Steve Frederico is happy and energized. Standing in his white lab coat, the College of Charleston student smiles broadly. His face belies this fact, but he’s also exhausted. It’s been a long day at the Medical University of South Carolina laboratory where he is serving as a summer research fellow – and it’s not even half over yet. A rising junior majoring in biochemistry, Frederico is living the dream. His research in MUSC’s Department of Cell and Molecular Pharmacology and Experimental Therapeutics is yielding opportunities and experience normally reserved for graduate students and post-doctoral fellows. Even better, he’s getting paid to do this. But for him, the long hours he spends in the lab or shadowing doctors in the clinic are much more valuable than a paycheck: they’re potentially extending the lives of cancer patients and serving as the perfect primer for his aspirations of becoming a neurosurgeon. “I was here last night from 7 p.m. to 7 a.m. shadowing one of the neurosurgeons,” he says. “That was fascinating. And then I ran home to get about three hours of sleep before coming back to the lab. Now, I’m evaluating our tissue cultures, making sure that they’re growing properly.” Those samples, growing in petri dishes in an incubator, are cells of glioblastoma, an incredibly aggressive and usually fatal form of brain cancer. The causes of a glioblastoma tumor are usually unclear, and there aren’t currently any cures; once a person is diagnosed with this form of cancer, they’re usually given a life expectancy of just 12 to 15 months. “We know far too little about this disease,” says Frederico. Working alongside his lab partner, a postdoctoral fellow from MUSC, Frederico is responsible for cultivating the cells, introducing a nanoparticle and then chronicling what happens to that particular particle. That research could potentially extend the lives of patients with glioblastoma. “It’s a long, lengthy, sometimes frustrating process to gather all the data that we’re seeking,” he says. “One of our principal goals is to see if the cells recognize and engulf the nanoparticles. If they do, then that’s an encouraging indication that medicine carried in the nanoparticles could possibly be delivered in this fashion to treat a patient suffering from glioblastoma.” Frederico’s mentor is Dr. Ann-Marie Broome, the Director of Molecular Imaging at MUSC whose work focuses on the development of nanotechnologies for applications in medicine and biotechnology. “We have 21 different research projects going on in my lab,” she says. “Our main goal is to expand and modify currently available therapeutics to a variety of diseases, some cancerous, some not. My real passion is changing the way that we deliver drugs and therapies to inaccessible and rare diseases or changing the way we utilize therapeutics to make them more efficient and less detrimental to the patient.” Broome explains that the research conducted in her lab is cutting-edge, on a par with the top labs in the country. “A lot of what Steve does on the two projects that he’s involved in is proprietary and confidential,” she says. “We’re essentially creating new nanomedical platforms that will hopefully be translated into the clinic so the results are highly sensitive and exciting.” And the results of Frederico’s work may eventually be included in a manuscript that Broome will submit for publication. If that happens, Frederico will be one of the paper’s lead authors. “That’s very cool,” he says. “If the paper gets published, it will be an advantage for me to have that credit as a first author. But even more significant is that, for a research team, publishing along the way is an important validation of our work within the scientific community.” As impressive as scientific publication can be, that isn’t Frederico’s chief motivation. What makes it all worthwhile for him – the long hours in the lab, the late evenings and lack of sleep – is that right across the street from his building is MUSC’s Children’s Hospital, which houses a pediatric neuro-oncology department. Frederico likes to spend time with the kids who are being treated for cancer. He is particularly fond of those with glioblastoma tumors. “Knowing that I’m doing something in the lab that can potentially help these kids live longer, that’s really what motivates me,” he says. “You don’t need anything more than that.”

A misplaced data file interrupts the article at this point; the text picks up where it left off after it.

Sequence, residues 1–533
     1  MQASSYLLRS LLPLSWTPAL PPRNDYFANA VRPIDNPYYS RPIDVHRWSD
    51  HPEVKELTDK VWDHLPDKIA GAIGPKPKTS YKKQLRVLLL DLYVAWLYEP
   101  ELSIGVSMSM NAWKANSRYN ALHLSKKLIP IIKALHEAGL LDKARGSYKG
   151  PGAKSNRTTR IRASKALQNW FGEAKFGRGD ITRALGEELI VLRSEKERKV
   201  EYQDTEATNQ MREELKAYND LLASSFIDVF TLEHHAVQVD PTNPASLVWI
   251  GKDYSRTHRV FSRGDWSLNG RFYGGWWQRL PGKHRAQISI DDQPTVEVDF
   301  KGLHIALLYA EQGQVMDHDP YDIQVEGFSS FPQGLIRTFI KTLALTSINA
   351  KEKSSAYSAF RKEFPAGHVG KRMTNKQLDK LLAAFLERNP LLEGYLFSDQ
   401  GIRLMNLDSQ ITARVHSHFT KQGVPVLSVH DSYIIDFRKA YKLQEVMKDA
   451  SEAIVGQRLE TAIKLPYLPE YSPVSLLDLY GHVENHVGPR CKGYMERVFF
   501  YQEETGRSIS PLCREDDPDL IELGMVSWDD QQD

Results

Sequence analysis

Featured image by Reese Moore.